What role did imperialism play in America’s entry into World War One?

Imperialism played a very small role into America's entry into World War I. One of the main reasons that led to American involvement in the war was the Zimmerman note, in which Germany offered to help Mexico gain back the land it lost during the Mexican- American War. Instead, the United States tried to claim the moral high ground by stating early on that it did not want territorial gains as a result of the war.

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Compared to the European combatants of World War I, imperialism did not play a major role in the US deciding to enter the war. One could argue that imperialism played an indirect role through the Zimmerman note, where Germany offered to help Mexico gain back land lost during the Mexican-American War. This outraged many around the country, but it was viewed more as meddling and less of a credible threat.

Imperialism played another indirect role in American entry into the war since the Spanish-American War demonstrated that the United States had modernized its navy and could project power abroad. This made the United States a potential ally of both the Entente and Central Powers prior to American entry into the war in 1917. American armed forces were not viewed as being on an equal footing as European armies; however, by 1917 the Allies were looking for potential partners regardless of military capacity. America's ability to wage a war outside of its own home waters made it an attractive ally.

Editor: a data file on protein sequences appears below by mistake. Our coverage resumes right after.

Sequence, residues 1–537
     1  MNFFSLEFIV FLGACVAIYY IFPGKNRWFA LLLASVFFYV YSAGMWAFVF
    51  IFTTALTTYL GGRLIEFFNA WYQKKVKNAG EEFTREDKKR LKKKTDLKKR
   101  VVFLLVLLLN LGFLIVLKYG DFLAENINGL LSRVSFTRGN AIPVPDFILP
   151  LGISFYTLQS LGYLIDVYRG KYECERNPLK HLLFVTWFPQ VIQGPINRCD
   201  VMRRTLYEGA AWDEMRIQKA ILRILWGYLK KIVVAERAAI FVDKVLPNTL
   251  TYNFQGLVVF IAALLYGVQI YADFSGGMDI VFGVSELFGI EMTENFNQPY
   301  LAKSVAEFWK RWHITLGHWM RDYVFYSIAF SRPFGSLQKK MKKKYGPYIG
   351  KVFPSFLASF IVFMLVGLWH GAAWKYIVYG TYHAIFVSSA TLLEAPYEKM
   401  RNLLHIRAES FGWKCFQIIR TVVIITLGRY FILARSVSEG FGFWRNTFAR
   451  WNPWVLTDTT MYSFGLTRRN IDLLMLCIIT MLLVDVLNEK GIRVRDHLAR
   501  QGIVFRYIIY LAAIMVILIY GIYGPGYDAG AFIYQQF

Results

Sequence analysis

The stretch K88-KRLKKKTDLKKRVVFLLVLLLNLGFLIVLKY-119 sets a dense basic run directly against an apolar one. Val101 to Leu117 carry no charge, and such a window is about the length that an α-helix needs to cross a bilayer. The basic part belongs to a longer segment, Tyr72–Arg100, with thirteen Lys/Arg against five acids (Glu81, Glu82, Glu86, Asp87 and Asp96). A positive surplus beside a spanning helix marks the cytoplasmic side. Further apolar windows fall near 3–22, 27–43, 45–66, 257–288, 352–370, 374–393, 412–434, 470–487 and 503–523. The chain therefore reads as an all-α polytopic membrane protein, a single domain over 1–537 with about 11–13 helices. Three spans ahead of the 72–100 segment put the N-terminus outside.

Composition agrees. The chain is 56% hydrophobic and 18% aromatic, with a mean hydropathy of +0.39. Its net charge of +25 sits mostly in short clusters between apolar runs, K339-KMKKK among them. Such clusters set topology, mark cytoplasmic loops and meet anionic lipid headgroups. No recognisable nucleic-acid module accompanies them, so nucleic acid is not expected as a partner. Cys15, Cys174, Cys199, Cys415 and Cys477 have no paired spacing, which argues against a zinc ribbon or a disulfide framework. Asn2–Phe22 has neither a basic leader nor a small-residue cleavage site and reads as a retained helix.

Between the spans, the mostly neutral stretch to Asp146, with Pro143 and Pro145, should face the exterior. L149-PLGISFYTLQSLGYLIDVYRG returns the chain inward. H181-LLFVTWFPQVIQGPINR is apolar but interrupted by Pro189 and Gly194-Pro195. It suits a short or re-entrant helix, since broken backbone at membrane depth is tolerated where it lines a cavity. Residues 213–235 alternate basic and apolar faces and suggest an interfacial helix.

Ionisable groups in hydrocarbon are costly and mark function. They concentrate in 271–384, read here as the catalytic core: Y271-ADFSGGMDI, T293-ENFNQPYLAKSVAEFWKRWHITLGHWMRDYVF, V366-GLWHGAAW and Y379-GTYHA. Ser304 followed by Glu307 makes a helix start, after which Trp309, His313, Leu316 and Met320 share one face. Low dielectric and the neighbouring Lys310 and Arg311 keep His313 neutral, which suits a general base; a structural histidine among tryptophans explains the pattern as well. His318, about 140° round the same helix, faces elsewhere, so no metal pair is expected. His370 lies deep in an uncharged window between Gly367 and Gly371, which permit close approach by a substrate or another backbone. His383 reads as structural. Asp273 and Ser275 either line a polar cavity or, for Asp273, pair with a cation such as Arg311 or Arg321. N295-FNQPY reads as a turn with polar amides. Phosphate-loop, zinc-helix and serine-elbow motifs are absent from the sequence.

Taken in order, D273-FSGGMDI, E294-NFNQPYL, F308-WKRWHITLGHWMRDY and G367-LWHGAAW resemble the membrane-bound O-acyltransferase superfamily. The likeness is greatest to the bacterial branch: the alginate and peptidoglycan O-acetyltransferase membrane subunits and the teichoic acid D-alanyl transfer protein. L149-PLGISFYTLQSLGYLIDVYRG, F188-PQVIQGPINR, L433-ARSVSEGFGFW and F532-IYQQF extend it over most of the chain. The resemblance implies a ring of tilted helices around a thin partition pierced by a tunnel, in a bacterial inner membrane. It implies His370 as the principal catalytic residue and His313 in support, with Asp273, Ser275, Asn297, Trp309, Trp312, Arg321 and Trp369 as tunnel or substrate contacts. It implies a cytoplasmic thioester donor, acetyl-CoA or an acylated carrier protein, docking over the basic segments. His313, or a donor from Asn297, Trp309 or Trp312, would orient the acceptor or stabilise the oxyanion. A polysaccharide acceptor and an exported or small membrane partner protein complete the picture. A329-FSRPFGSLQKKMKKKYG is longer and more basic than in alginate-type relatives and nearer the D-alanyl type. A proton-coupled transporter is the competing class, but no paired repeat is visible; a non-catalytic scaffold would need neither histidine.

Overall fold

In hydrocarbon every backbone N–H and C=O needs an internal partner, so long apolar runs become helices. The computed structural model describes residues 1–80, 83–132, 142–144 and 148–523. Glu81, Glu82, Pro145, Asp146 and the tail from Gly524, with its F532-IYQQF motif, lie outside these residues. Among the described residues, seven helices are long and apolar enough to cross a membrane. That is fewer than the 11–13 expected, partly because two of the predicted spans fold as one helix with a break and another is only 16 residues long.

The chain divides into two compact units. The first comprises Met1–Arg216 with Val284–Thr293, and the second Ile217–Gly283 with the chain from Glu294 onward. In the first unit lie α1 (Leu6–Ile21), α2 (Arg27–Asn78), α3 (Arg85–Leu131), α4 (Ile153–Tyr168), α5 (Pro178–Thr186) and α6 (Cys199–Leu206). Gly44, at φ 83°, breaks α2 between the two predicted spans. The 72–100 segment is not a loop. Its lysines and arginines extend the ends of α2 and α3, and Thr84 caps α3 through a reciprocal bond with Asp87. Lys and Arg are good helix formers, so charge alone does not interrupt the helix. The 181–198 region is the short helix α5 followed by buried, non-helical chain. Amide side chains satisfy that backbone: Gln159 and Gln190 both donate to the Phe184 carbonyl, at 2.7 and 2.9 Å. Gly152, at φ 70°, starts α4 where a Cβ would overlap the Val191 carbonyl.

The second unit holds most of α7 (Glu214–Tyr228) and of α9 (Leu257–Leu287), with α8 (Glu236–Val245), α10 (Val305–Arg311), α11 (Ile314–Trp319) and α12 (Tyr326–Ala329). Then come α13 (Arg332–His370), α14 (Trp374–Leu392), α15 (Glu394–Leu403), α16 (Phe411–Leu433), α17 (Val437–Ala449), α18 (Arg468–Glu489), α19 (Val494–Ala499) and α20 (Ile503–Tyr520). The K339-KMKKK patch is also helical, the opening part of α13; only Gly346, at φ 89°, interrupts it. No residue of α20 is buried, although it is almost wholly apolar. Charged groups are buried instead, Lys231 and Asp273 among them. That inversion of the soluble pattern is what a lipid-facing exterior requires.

The United States, though it possessed its own set of colonies in the Caribbean and Pacific, claimed early after entry into WWI that it did not want any new territory. This allowed Wilson to sell the war to the American people as a moral crusade to save a Europe that was consumed by a need for territorial expansion. In order to make this distinction clear, the United States called itself an "associated power" rather than an "ally" of the Entente.

American entry into WWI was largely due to Germany's unrestricted submarine warfare in early 1917. These attacks against American shipping largely happened in European waters, since most Germany U-boats at that time lacked the range to go elsewhere. American imperial interests were never in real danger during the war, though the Zimmerman note was viewed as an attack on the nation's honor and the Monroe Doctrine. Imperialism played a major role in the European alliances and arms races that took place prior to 1914; however, other than building the American economy and demonstrating that the United States could project power abroad, imperialism had little direct influence on the American decision to join the war in 1917.

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